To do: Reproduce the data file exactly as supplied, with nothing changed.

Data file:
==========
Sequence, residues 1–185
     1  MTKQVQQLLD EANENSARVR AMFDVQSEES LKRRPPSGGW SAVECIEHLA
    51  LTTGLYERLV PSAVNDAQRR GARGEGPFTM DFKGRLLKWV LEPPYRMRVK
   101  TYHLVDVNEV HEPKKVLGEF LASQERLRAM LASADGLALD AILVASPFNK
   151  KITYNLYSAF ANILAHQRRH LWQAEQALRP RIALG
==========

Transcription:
Sequence, residues 1–185
     1  MTKQVQQLLD EANENSARVR AMFDVQSEES LKRRPPSGGW SAVECIEHLA
    51  LTTGLYERLV PSAVNDAQRR GARGEGPFTM DFKGRLLKWV LEPPYRMRVK
   101  TYHLVDVNEV HEPKKVLGEF LASQERLRAM LASADGLALD AILVASPFNK
   151  KITYNLYSAF ANILAHQRRH LWQAEQALRP RIALG